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Coronavirus field hospital at Baltimore Convention Center has seen light use, will remain open as precaution

The Baltimore Convention Center has been turned into a field hospital amid a surge of coronavirus cases in the state. The site is now equipped with 250 private beds, bathrooms and hand washing stations.
The Baltimore Convention Center has been turned into a field hospital amid a surge of coronavirus cases in the state. The site is now equipped with 250 private beds, bathrooms and hand washing stations. (Luke Broadwater/Baltimore Sun)

The coronavirus field hospital in downtown Baltimore has seen light use since opening in April, but Maryland officials say it will remain operational as a precaution while the state eases restrictions.

About 109 patients have been transferred to the facility at the Baltimore Convention Center from 19 Maryland hospitals since it opened, staying for an average of five days, said Dr. Chuck Callahan, co-director of the field hospital and an executive at University of Maryland Medical Center.

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In a push to expand Maryland’s hospital bed capacity, state officials converted the convention center into a field hospital under the direction of the University of Maryland and Johns Hopkins medical systems.

Officials said at the time that they were prepared to increase the field hospital’s footprint and number of beds in the event others became overwhelmed with COVID-19 cases. As of Sunday, Maryland has since confirmed almost 58,000 cases of coronavirus and more than 2,600 fatalities across the state.

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Officials say an average of 15 patients are staying at the field hospital a day — occupying a fraction of its 250-bed capacity.

That’s good news, said Dr. Jim Ficke, the other co-director of the field hospital and an orthopedic surgeon at Johns Hopkins Medicine.

“With the social distancing and risk and contact mitigation, there has been a much lower number of admissions and, fortunately, deaths were much less than were modeled,” Ficke said. “We’ve been busy, but we haven’t been overwhelmed.”

Gov. Larry Hogan announced last week the state would ease more restrictions on businesses. However, further reopening depends on Marylanders’ discipline in continuing to follow public health recommendations, such as wearing masks inside, staying six feet apart from others and remaining at home as much as possible, Hogan said

The state does not have immediate plans to close the field hospital, said Michael Ricci, a spokesman for Hogan.

“The state remains committed to the convention center field hospital for the foreseeable future, given the importance of having medical surge capacity in place, even if as a precautionary measure,” Ricci said.

The state has a six-month lease with the convention center.

These days, the windowless field hospital may appear quiet from the outside. Visitors are not permitted in and officials declined The Baltimore Sun’s request to tour the operation, citing patient privacy.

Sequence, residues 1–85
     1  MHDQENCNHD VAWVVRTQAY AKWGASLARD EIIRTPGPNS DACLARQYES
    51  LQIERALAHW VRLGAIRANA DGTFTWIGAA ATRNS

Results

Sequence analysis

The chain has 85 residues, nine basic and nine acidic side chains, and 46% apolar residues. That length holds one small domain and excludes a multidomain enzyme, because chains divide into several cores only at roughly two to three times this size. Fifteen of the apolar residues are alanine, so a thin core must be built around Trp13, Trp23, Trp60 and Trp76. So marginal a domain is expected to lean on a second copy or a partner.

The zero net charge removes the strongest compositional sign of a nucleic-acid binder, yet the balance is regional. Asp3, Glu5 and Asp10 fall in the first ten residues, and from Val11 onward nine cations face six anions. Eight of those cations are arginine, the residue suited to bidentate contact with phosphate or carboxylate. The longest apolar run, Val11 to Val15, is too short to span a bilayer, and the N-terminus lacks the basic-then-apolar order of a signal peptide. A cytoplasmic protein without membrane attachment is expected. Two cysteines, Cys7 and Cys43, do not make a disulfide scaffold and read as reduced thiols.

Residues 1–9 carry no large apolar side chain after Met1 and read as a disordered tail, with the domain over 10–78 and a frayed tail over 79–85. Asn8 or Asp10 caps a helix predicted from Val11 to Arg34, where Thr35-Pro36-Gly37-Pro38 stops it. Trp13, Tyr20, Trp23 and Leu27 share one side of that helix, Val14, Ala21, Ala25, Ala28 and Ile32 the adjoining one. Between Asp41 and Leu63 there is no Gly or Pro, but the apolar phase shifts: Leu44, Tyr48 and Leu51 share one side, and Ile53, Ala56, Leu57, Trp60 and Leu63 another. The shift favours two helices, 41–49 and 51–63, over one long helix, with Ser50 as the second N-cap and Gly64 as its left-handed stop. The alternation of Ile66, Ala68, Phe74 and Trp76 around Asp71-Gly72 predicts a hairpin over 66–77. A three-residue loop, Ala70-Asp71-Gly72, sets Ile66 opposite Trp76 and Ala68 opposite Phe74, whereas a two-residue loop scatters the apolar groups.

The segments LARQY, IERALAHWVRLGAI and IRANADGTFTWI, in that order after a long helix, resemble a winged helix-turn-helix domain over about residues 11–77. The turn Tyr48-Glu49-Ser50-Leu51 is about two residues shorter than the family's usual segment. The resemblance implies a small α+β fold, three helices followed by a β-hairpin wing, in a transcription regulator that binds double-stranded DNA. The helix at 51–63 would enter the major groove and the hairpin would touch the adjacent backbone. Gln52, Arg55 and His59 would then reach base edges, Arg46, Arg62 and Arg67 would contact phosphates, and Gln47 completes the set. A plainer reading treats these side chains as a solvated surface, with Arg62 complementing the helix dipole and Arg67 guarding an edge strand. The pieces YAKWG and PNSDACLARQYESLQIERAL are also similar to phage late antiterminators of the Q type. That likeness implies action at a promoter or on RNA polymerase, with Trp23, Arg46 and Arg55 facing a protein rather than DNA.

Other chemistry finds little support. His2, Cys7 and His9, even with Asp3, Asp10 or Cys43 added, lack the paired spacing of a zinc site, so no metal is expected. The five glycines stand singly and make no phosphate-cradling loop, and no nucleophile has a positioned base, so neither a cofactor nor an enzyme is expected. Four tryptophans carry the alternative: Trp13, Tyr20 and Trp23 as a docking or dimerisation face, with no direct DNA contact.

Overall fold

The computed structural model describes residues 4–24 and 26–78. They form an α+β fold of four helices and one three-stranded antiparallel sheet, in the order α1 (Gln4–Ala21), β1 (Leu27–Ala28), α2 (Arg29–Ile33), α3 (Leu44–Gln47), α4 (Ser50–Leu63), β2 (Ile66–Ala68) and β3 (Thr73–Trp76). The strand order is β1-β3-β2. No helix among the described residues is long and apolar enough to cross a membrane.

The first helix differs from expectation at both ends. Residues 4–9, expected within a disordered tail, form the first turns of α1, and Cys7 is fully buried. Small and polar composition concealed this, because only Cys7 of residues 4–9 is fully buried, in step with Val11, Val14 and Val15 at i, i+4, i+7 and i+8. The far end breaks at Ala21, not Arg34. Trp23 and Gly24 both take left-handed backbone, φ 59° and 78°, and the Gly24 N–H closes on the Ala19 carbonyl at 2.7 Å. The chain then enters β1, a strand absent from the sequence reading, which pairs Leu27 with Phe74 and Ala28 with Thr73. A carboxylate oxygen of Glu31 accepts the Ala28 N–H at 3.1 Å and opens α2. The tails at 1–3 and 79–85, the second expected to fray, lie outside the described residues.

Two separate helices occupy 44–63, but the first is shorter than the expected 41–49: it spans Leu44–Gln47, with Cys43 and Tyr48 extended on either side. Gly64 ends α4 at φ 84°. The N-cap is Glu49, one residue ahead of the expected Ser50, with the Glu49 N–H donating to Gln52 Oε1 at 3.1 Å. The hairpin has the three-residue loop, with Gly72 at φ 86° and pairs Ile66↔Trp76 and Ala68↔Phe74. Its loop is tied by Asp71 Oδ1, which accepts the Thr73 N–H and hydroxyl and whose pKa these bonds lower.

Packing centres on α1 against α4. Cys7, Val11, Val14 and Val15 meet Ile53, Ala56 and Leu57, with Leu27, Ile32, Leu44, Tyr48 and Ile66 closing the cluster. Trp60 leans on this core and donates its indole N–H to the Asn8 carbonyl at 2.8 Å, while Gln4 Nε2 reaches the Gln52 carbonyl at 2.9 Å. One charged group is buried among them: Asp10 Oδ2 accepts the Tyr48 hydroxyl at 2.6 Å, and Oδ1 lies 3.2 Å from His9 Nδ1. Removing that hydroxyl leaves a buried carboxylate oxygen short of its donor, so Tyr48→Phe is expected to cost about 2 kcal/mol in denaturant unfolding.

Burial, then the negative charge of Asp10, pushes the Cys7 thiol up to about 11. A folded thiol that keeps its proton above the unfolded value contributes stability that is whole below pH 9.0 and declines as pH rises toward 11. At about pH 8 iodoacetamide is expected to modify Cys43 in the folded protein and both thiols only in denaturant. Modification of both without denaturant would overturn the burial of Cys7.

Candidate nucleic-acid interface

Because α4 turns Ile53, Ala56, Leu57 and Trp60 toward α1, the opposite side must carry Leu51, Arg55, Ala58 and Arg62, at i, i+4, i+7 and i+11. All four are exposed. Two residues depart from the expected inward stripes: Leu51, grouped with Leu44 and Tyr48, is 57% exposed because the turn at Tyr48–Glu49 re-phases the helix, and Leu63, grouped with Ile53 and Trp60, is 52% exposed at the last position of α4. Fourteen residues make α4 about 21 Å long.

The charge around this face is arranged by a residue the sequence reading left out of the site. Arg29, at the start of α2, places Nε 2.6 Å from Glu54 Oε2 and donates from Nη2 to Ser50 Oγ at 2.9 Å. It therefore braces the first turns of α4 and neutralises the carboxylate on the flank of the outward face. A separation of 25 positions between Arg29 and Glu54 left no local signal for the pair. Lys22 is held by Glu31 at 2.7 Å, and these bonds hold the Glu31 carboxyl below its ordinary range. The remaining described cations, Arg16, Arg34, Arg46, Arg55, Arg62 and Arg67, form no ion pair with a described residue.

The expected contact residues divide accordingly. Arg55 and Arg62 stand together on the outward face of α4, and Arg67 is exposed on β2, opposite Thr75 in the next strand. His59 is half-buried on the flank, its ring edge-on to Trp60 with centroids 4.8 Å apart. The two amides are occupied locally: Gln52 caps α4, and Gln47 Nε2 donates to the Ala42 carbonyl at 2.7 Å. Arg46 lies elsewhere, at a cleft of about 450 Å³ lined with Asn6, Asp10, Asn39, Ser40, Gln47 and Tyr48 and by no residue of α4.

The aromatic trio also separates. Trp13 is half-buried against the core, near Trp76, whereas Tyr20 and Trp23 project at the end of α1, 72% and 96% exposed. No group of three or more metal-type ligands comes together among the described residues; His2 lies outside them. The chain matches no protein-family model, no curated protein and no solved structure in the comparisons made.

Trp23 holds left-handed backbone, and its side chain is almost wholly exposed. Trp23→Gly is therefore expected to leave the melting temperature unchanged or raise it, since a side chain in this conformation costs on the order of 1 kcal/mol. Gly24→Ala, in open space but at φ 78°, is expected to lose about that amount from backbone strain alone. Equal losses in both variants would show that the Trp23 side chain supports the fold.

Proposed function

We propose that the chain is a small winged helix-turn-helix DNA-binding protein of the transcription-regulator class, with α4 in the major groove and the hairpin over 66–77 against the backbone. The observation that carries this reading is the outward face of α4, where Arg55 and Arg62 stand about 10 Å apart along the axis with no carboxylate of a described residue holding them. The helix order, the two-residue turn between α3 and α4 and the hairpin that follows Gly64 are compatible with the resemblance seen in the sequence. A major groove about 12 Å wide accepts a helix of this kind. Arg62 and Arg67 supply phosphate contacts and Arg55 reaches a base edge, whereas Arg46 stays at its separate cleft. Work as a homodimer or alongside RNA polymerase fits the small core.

However, the building is far from empty. About 1,000 health care workers and nonmedical staffers were hired to work at the field hospital in a range of jobs. Anywhere from 50 to 100 people staff the facility at a given time, Callahan said.

Neutral-colored walls have been decorated with artwork donated by the Community Art Collaborative AmeriCorps Program at the Maryland Institute College of Art, Ficke said.

And patients, who are typically near the end of their hospitalization, thumb through books and magazines or work on sudoku puzzles to pass the time. Movies, television and Wi-Fi are available, and patients are allowed to use their phones, Ficke said.

“If patients think of a field hospital, they think of a tent on the ground,” Ficke said. “This is a convention center. It’s a comfortable place. Our patients are happy, often tearful when they leave.”

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Some nonmedical staff members came to the field hospital from around the country with backgrounds in economics, law, computer sciences and equine therapy, the co-directors said.

“They’re hired employees who have volunteered to put themselves at risk," Callahan said. “No one has to do that. You have this spirit of a volunteer.”

Some staffers have formed bonds with those who are recuperating. Ficke described a scene in which a medical assistant at the field hospital offered to read aloud to a patient who was blind.

And the patients, in turn, have used satisfaction surveys — distributed as they are being released — to write messages of gratitude to their caretakers.

“I thank you for the kindness and love shown to me," one patient wrote in a message viewed by The Sun. "Meant SO MUCH. I almost died (real talk) and needed the love shown.”

Baltimore Sun reporters Emily Opilo and McKenna Oxenden contributed to this article.

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